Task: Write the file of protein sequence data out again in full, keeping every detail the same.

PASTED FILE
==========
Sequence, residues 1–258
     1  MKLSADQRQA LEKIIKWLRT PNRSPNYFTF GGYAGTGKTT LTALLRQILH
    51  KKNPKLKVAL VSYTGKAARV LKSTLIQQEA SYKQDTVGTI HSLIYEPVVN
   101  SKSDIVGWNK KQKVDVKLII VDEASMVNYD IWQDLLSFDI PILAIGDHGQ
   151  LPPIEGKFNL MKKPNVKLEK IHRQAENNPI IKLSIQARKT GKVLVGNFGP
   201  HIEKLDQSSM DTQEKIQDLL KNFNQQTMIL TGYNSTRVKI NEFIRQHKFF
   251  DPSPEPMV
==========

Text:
Sequence, residues 1–258
     1  MKLSADQRQA LEKIIKWLRT PNRSPNYFTF GGYAGTGKTT LTALLRQILH
    51  KKNPKLKVAL VSYTGKAARV LKSTLIQQEA SYKQDTVGTI HSLIYEPVVN
   101  SKSDIVGWNK KQKVDVKLII VDEASMVNYD IWQDLLSFDI PILAIGDHGQ
   151  LPPIEGKFNL MKKPNVKLEK IHRQAENNPI IKLSIQARKT GKVLVGNFGP
   201  HIEKLDQSSM DTQEKIQDLL KNFNQQTMIL TGYNSTRVKI NEFIRQHKFF
   251  DPSPEPMV